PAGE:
This report assesses the consequences of the 2013-decision of the Constitutional Council of Mozambique, which limits to judges the authority to order pre-trial detention for cases falling outside of flagrante delito (where the accused is caught in the act of committing the offence). Although the decision represents a progressive change in the jurisprudence of Mozambique’s highest court, judges, prosecutors and police encounter operational challenges in implementing the decision, in a country with a population of more than 28 million people. In 2017, there were 344 judges, 18 of which were Judges of Criminal Instruction, responsible for issuing warrants of arrest for cases outside of flagrante delito. Concerns were raised in relation to lack of financial and logistical resources for prosecutors, which are mandated to monitor the legality of police detention. As the criminal justice system is under-resourced, police officials have to wait for a judge to issue a warrant of arrest for cases falling outside of flagrante delito. Despite the decision, unlawful arrests continue to happen although there is anecdotal evidence that these have decreased. The 2013-decision has clarified who has the power to authorise arrest in these cases, but the situation is far from being resolved.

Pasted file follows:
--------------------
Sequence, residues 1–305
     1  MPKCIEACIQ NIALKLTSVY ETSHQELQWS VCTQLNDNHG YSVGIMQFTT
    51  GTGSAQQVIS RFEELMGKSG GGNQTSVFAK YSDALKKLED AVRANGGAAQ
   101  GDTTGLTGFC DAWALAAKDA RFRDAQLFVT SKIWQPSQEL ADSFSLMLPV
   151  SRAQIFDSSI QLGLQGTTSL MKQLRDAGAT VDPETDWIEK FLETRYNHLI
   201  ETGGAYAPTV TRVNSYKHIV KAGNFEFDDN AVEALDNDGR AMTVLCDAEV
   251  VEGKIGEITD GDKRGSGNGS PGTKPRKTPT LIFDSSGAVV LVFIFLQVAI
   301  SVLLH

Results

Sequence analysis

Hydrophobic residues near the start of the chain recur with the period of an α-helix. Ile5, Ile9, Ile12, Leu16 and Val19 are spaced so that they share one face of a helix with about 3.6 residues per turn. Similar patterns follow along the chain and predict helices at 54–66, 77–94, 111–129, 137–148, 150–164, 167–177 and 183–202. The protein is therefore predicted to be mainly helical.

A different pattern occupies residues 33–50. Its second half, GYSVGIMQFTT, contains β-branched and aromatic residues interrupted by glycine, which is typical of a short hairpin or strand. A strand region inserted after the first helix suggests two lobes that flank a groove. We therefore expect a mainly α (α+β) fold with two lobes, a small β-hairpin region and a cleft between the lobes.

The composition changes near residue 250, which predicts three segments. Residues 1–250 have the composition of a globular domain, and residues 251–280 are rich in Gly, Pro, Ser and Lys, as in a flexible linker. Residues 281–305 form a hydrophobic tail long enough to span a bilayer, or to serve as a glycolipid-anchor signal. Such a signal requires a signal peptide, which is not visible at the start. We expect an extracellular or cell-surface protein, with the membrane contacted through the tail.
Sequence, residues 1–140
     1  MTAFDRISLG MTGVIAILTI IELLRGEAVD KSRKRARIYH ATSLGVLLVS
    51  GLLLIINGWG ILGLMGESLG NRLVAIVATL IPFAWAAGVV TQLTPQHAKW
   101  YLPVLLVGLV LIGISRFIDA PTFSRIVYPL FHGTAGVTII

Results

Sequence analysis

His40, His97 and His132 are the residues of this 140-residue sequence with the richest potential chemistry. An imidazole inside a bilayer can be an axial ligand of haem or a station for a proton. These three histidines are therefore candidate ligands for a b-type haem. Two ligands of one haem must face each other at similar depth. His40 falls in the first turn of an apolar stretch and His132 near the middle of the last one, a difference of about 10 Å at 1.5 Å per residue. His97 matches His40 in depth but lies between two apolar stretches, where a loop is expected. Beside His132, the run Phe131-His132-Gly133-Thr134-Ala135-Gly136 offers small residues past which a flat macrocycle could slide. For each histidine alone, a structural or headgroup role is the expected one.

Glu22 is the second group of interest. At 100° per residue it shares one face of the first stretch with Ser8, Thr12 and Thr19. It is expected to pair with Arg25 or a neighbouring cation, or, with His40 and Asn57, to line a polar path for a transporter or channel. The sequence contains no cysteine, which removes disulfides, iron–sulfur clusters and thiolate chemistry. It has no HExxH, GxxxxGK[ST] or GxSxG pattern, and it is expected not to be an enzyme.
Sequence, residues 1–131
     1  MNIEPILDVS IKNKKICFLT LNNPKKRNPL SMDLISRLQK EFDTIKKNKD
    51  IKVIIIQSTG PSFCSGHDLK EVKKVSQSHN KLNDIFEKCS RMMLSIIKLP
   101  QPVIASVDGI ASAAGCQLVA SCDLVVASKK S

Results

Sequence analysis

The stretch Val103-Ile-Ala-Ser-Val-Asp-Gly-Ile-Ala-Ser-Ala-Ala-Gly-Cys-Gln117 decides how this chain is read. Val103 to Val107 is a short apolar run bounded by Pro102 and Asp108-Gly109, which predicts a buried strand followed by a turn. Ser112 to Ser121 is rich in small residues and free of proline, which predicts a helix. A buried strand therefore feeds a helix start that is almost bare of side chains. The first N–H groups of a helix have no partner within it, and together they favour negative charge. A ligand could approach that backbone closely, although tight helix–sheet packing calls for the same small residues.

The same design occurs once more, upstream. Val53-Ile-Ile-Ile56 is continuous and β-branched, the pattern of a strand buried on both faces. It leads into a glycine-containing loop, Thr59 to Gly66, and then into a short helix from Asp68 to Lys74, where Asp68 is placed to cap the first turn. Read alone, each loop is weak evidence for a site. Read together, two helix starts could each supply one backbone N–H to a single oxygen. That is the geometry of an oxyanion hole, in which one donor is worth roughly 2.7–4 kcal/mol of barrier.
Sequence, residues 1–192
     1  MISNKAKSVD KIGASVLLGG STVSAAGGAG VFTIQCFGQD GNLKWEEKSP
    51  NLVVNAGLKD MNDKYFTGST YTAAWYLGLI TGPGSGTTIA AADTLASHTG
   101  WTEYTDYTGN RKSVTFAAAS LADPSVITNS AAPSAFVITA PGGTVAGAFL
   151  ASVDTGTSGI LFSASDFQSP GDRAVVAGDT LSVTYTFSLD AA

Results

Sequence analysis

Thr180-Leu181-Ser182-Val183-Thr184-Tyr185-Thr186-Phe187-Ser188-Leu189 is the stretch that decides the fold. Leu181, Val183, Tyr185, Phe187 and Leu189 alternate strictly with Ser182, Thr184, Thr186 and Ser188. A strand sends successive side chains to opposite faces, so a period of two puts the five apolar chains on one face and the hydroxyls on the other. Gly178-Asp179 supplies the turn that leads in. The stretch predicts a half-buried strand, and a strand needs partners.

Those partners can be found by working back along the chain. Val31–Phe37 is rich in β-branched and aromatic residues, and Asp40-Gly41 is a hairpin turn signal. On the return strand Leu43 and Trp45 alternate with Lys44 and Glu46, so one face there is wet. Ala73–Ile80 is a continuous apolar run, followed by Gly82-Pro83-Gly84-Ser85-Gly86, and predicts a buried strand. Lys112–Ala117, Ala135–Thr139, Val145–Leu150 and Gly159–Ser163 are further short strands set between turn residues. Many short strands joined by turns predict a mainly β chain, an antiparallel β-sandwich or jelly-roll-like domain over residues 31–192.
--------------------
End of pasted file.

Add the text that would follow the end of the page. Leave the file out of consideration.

Liberty not the only loss - The Socio-Economic Impact of Remand Detention in the Western Cape
Author: Jean
Published: May 28, 2019

The evidence in this study suggests that the criminal procedural system metes out a disproportionate ‘punishment’ in the form of infringement of the socio-economic rights of the families of detainees, regardless of guilt or innocence.The study recommends a number of interventions to seek to ensure that remand detention is used only for short durations or when absolutely necessary, thereby minimising socio-economic harms.

Discussion Document: NPA Accountability, trust and public interest
Author: Jean
Published: Feb 19, 2019

This discussion document deals with three key concepts associated with the National Prosecuting Authority (NPA) and its relation to the public, namely accountability, public interest and trust. It is suggested that for the NPA to be regarded as a legitimate institution it needs to enjoy trust and in order to enjoy such trust, it needs to be seen and perceived to act in the public interest in an accountable manner.